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      Yeast surface display is a widely used method for protein engineering. However, current yeast display applications rely on the staining of epitope tags in order to verify full-length presentation of the protein of interest. A novel method for yeast display that relies on ribosomal skipping and omits the need for immunofluorescence stainings of epitope tags, thereby being more cost- and time-efficient is described.

  7. Rapid Communications

    1. Simultaneous conversion of free fatty acids and triglycerides to biodiesel by immobilized Aspergillus oryzae expressing Fusarium heterosporum lipase

      Jerome Amoah, Emmanuel Quayson, Shinji Hama, Ayumi Yoshida, Tomohisa Hasunuma, Chiaki Ogino and Akihiko Kondo

      Version of Record online: 15 DEC 2016 | DOI: 10.1002/biot.201600400

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      The high free fatty acids (FFA) in oil has been a hurdle in one-step biodiesel production. A lipase with both transesterification and esterification activity and has high water tolerance was successfully used for the conversion. This technique can be used for industrial production of biodiesel from waste cooking oils and microbial oils without pre-treatment.

  8. Research Articles

    1. You have full text access to this OnlineOpen article
      Immobilized hematopoietic growth factors onto magnetic particles offer a scalable strategy for cell therapy manufacturing in suspension cultures

      Matthew J. Worrallo, Rebecca L.L. Moore, Katie E. Glen and Robert J. Thomas

      Version of Record online: 1 DEC 2016 | DOI: 10.1002/biot.201600493

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      Therapeutic products based on blood system cells, in particular various immune cells, are entering the clinical market or in development with dramatic clinical benefits for a range of life threatening conditions such as cancer. These cells need new manufacturing technology to ensure cost and quality can be controlled to the level required for medicinal products. This work describes a new way to provide important factors for the growth of these cells outside the body that will help optimise and control product manufacture.

  9. Reviews

    1. Nanomaterials-based biosensors for detection of microorganisms and microbial toxins

      Laura Sutarlie, Sian Yang Ow and Xiaodi Su

      Version of Record online: 27 OCT 2016 | DOI: 10.1002/biot.201500459

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      The detection of microorganisms and their toxins in food and the environment are important for health and safety reasons. This review summarizes the various nanoparticle-based methods to detect microorganisms and their toxins from environmental samples as well as the implications and possibilities for adaptation of these methods into an on-site rapid detection system. This article is part of an AFOB (Asian Federation of Biotechnology) Special issue. To learn more about the AFOB, visit www.afob.org.

  10. Research Articles

    1. You have full text access to this OnlineOpen article
      Improved production of propionic acid using genome shuffling

      Carlos H Luna-Flores, Robin W Palfreyman, Jens O Krömer, Lars K Nielsen and Esteban Marcellin

      Version of Record online: 20 OCT 2016 | DOI: 10.1002/biot.201600120

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      Traditionally derived from oil-based resources, biological production of propionic acid (PA) using Propionibacterium has gained interest in recent years. In this study, genome shuffling on two P. acidipropionici strains was used to increase growth rate and PA production. Sequencing of the new strains suggests that recombination events, in well-conserved regions of the genome, are responsible for the phenotype improvement. This work provides base resolution insight on the underlying mechanisms leading to a higher PA production using genome shuffling.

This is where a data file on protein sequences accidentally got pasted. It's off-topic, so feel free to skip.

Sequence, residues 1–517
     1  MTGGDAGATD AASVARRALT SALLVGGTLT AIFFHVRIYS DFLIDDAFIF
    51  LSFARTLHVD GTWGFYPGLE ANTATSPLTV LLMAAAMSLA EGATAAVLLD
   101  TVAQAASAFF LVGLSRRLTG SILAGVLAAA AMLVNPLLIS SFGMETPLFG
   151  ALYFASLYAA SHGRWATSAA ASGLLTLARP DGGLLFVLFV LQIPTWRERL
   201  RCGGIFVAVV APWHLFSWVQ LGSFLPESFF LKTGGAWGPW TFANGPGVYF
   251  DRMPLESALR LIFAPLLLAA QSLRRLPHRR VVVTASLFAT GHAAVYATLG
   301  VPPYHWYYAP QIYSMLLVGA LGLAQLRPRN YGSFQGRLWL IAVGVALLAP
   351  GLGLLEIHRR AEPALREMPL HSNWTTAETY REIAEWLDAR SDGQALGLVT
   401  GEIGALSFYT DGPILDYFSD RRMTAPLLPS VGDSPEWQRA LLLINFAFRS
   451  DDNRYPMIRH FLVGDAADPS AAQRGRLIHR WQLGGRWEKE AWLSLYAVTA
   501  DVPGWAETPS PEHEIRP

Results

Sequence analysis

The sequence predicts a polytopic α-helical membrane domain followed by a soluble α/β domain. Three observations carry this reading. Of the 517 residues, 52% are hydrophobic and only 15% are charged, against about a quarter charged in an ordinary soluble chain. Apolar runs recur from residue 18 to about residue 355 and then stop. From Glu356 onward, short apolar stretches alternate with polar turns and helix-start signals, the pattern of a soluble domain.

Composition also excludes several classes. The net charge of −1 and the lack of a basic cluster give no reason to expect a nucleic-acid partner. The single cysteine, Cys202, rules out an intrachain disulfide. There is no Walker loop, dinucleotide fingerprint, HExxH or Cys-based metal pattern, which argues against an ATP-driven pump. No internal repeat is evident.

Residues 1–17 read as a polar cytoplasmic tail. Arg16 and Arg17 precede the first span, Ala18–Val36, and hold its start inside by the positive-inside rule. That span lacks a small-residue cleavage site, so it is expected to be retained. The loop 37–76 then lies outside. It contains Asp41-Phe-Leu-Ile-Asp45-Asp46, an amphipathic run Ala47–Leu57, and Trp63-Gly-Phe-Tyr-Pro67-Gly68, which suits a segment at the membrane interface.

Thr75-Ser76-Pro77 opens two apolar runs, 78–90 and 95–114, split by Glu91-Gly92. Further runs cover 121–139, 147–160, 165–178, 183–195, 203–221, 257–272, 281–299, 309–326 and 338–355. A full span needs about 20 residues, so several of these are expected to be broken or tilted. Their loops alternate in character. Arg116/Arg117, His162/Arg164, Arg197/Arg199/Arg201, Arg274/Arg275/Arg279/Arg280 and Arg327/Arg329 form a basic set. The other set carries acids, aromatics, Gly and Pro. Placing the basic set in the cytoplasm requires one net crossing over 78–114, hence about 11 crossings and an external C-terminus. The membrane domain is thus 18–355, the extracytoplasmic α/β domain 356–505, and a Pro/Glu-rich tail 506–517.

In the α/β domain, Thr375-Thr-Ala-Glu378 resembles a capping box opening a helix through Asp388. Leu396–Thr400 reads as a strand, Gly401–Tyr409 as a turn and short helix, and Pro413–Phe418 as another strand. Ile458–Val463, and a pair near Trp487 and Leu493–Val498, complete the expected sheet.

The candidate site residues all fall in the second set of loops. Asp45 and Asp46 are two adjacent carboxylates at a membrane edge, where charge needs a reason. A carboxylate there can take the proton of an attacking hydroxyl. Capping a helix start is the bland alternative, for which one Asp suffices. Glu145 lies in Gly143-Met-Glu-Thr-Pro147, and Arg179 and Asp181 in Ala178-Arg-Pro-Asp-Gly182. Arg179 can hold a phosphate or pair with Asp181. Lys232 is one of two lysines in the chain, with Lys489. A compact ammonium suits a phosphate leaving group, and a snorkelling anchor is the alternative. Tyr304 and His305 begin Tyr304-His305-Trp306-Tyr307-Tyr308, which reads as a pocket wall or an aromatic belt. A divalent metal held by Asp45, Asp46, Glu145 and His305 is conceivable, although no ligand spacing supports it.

2. You have full text access to this OnlineOpen article
      Camelid VHH affinity ligands enable separation of closely related biopharmaceuticals

      Timothy M. Pabst, Michaela Wendeler, Xiangyang Wang, Sandra Bezemer, Pim Hermans and Alan K. Hunter

      Version of Record online: 20 OCT 2016 | DOI: 10.1002/biot.201600357

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      Separation of closely related, but less biologically active, forms of biopharmaceuticals often requires that the purification process be operated under conditions that are low-yielding and/or manufacturing unfriendly. In this study, the authors demonstrate the use of highly selective camelid VHH affinity chromatography for the separation of active proteins from inactive protein variants that differ by as little as one amino acid or a minor change in a post-translational modification.

  11. Rapid Communications

    1. Polyester hydrolysis is enhanced by a truncated esterase: Less is more

      Antonino Biundo, Doris Ribitsch, Georg Steinkellner, Karl Gruber and Georg M. Guebitz

      Version of Record online: 11 OCT 2016 | DOI: 10.1002/biot.201600450

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      Enzymes are able to hydrolyze the surface of polymer substrates. In this study, the authors prove that the truncation of the N-terminus of the esterase Cbotu_EstA improves its adsorption on polyethylene terephthalate (PET) surfaces and the hydrolysis of ester bonds releasing products which can be detected to analyze the enzymatic activity.

  12. Research Articles

    1. You have full text access to this OnlineOpen article
      A versatile modular bioreactor platform for Tissue Engineering

      Sebastian Schuerlein, Thomas Schwarz, Steffan Krziminski, Sabine Gätzner, Anke Hoppensack, Ivo Schwedhelm, Matthias Schweinlin, Heike Walles and Jan Hansmann

      Version of Record online: 26 SEP 2016 | DOI: 10.1002/biot.201600326

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      Generating tissues or organs by using Tissue Engineering requires complex culture conditions beyond the functionality of standard cell culture incubators. In this study an automated, compact, flexible, modular bioreactor platform addressing the requirements of Tissue Engineering applications is developed. Therefore, the modules were combined according to specific Tissue Engineering processes.

  13. Biotech Methods

    1. You have free access to this content
      CellShape: A user-friendly image analysis tool for quantitative visualization of bacterial cell factories inside

      Ángel Goñi-Moreno, Juhyun Kim and Víctor de Lorenzo

      Version of Record online: 7 SEP 2016 | DOI: 10.1002/biot.201600323

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      The CellShape tool allows translation of fluo-rescence microcopy observations of single bacteria into a quantitative description of the inside constituents of the cell